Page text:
Three Possible Manifestations of Diffusion-Related Market Failure

It seems to me that there is a sequence of three choices made by developers of free innovations that can each and collectively result in

Table 5.1

Development and diffusion of user innovations: results of national surveys. All studies sampled consumers aged 18 and over, with the exception of Finland (consumers aged 18 to 65).

Source

Country

User innovators

Innovations

Percentage of population

Number

Diffused

Protected with IPRsa

von Hippel, de Jong, and Flowers 2012

UK

6.1%

2.9

million

17.1%

1.9%

von Hippel, Ogawa, and de Jong 2011

US

5.2%

16.0

million

6.1%

8.8%

von Hippel, Ogawa, and de Jong 2011

Japan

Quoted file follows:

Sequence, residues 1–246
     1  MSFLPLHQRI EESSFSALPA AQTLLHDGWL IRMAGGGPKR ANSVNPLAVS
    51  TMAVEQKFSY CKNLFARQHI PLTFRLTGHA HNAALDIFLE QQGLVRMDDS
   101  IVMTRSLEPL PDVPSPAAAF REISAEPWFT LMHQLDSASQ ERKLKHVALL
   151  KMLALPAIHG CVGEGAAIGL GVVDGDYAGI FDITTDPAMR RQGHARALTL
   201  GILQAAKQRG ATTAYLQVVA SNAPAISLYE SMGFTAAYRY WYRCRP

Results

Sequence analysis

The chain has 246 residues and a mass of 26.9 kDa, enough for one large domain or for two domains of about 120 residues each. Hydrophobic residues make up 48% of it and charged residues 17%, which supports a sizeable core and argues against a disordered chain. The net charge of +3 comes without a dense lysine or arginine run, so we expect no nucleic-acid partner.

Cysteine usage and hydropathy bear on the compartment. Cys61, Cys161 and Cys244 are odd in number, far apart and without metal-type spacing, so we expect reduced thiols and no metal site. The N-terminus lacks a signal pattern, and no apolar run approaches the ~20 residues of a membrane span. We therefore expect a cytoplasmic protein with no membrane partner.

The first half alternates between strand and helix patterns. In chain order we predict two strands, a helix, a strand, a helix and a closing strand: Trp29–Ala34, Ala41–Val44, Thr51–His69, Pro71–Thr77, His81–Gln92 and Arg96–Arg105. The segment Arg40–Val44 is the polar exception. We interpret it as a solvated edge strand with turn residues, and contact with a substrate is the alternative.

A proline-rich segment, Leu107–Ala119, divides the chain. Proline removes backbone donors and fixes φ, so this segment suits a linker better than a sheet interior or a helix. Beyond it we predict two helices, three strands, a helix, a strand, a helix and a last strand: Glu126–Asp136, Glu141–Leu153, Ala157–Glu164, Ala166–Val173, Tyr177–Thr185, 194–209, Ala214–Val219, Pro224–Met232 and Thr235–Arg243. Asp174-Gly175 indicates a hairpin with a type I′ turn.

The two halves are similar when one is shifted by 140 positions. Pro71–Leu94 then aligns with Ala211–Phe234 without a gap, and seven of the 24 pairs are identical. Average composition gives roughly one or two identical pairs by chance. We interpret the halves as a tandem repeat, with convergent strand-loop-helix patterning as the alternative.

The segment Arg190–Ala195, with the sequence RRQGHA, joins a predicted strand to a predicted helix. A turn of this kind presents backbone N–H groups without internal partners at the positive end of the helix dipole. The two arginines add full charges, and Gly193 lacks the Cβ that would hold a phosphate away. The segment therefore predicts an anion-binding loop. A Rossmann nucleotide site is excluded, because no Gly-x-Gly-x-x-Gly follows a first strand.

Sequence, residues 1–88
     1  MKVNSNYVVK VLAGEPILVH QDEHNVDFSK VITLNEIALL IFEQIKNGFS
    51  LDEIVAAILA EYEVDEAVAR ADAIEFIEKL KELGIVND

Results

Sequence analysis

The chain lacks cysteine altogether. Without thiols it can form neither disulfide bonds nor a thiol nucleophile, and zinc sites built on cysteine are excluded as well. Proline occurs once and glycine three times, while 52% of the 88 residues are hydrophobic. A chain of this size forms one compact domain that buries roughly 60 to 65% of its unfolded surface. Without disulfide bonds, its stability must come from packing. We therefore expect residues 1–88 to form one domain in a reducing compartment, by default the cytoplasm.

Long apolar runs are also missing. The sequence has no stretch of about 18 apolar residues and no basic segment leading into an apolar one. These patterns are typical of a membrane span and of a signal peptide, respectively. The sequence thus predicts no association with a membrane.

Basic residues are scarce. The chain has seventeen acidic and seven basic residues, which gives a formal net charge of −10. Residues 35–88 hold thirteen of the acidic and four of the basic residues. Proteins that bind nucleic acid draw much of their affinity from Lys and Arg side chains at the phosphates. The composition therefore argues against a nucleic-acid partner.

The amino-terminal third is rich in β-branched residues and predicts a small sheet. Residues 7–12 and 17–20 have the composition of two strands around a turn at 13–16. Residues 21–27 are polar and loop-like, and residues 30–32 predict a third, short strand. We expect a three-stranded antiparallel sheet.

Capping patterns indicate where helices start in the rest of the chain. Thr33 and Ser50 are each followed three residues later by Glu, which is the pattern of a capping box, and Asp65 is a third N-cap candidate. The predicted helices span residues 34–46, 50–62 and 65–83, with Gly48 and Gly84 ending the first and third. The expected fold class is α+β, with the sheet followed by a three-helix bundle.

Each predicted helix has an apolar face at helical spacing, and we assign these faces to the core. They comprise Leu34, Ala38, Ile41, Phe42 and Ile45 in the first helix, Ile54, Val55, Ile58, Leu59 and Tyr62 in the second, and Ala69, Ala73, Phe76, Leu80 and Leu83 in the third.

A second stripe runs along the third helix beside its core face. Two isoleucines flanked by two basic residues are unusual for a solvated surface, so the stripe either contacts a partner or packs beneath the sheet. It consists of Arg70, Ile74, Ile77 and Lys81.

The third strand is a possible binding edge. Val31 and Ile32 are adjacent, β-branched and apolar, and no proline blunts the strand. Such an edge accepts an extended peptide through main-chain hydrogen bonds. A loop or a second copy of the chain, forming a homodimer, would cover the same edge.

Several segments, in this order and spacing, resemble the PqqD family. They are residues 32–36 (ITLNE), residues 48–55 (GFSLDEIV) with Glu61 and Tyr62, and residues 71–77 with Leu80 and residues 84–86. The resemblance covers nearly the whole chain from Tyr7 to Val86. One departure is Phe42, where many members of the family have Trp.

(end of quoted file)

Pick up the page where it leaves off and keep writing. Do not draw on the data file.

3.7%

4.7

million

5.0%

0.0%

de Jong et al. 2015

Finland

5.4%

0.17

million

18.8%

4.7%

de Jong 2013

Canada

5.6%

1.6

million

21.2%

2.8%

Kim 2015

S. Korea

1.5%

0.54

million

14.4%

7.0%

a. intellectual property rights systematic diffusion shortfalls within the free innovation paradigm. First, free innovators may not elect to design an innovation of value to others. Second, even if a design does have general value, free innovators may not elect to invest in development to an extent justified by the total value of the design to themselves and free-riding adopters. Third, free innovators may not elect to invest in actively diffusing innovation- related information to reduce the adoption costs of free riders. I next discuss each of these three choices conceptually, drawing in the relatively small amount of data currently available.

 
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